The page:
Merrill Lynch view of a Transforming World from now to 2033

Merrill Lynch Wealth management has a view of dynamic forces that are sweeping across the globe, reshaping our lives and creating a wave of opportunities.

Within 20 years, more than half of the world’s population rises out of poverty—while the median age in developed countries jumps by five years. The U.S. heads toward energy independence and natural gas prices plummet as advances in technology drive a boom in extraction. Climate scientists studying the rise in sea levels revise their forecasts upward. Technological innovations, such as low-cost 3-D printing, fuel a resurgence in U.S. manufacturing. The U.S. Federal Reserve extends a monetary easing policy that could boost the economy but also risk inflation, as central bankers around the world move markets with unprecedented power.

Economists, researchers, strategists and investment experts throughout Bank of America Merrill Lynch and U.S. Trust have identified three major themes underlying what they believe to be today’s global transformations. First, amid rapid strides toward energy self-sufficiency, we’re seeing a surge in U.S. business and technological innovation that has the potential to revitalize the economy and spark another long-lived bull market. Second, far-reaching shifts in the financial markets are presenting investors with unprecedented opportunities—as well as unanticipated risks. At the same time, a massive rebalancing of the world’s economic, political and social power is under way. The rapid rise of a powerful middle class, alongside a global need for essential resources that’s set to explode in coming decades, is intensifying the need for a new approach to investing.

“The rebalancing of global growth from the developed to the developing world is a trend we’ve been discussing for some time,” says Chris Hyzy, chief investment officer at U.s. trust. “Demographic changes—some that benefit the world economically, some that increase risk—are creating imbalances that are changing the nature of global growth.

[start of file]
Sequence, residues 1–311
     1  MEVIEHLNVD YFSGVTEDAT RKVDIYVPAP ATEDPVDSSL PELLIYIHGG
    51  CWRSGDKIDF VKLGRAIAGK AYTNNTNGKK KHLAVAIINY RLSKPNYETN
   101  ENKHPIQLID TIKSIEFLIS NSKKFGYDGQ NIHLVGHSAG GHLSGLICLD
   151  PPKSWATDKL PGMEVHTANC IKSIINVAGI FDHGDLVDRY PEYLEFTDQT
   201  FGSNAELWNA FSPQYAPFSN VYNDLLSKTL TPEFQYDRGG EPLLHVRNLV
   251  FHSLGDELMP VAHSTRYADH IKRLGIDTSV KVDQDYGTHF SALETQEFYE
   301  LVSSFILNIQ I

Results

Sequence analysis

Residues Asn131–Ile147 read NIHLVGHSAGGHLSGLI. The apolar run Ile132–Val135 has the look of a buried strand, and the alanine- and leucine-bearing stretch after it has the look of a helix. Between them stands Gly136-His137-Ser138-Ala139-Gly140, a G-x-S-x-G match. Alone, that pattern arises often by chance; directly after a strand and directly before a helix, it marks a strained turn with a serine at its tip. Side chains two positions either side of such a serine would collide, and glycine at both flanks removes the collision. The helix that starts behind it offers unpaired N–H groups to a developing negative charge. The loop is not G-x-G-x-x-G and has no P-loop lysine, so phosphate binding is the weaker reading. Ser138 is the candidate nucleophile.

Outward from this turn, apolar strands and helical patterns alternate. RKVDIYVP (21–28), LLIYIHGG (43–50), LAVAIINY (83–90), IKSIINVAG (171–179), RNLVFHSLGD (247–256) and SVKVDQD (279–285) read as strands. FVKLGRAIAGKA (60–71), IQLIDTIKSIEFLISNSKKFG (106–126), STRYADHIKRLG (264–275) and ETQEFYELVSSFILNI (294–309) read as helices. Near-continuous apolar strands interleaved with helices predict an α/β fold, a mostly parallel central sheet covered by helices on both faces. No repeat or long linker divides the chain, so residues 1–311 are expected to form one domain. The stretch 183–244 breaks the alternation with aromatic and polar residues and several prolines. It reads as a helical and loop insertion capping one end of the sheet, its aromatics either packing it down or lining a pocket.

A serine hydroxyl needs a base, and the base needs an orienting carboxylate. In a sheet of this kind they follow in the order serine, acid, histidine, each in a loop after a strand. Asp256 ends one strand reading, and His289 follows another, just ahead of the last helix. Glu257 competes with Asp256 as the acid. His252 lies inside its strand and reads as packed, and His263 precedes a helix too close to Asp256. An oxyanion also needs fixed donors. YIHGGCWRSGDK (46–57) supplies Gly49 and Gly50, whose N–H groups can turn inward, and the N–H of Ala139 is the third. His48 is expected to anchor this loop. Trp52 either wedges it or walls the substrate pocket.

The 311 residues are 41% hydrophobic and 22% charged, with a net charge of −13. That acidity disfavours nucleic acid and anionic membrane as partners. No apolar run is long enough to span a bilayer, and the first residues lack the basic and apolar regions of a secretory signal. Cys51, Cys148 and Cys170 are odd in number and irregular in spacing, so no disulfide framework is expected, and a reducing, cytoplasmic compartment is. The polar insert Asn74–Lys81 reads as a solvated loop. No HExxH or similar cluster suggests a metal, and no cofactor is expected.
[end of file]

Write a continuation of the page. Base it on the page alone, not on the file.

US Energy independence

For almost 70 years, the U.S. has had to depend largely on imported energy. Now, even though the U.S. still imports roughly 25% of its energy—chiefly petroleum—there’s a growing consensus that the nation is well on its way to becoming energy-independent. The impetus for this is the boom in extracting oil and natural gas from shale rock formations, and the technological innovation that has made it economically feasible.

By 2015, the US will have another 1.5 million barrels per day from shale oil.

Shifts US Labor Market

During the recession and the sluggish recovery of the past few years, labor costs have dropped significantly. This has been painful for American workers but it has made US manufacturing more profitable and competitive. Workers will not regain leverage until unemployment drops below 6%.

A solid housing market seen for the next decade

US housing prices rose 8% in 2013. The forecast is for housing prices to rise 40% over the next decade. The average annual gain would be 4% which would be half as well as in 2013. This would be faster than inflation. The 2013 gains boost GDP by 0.5% and created 27000 more construction jobs each month. A continuing strong housing market would boost GDP by about 0.25% per year.

Inflation is expected to be 2% per year for the next two years.

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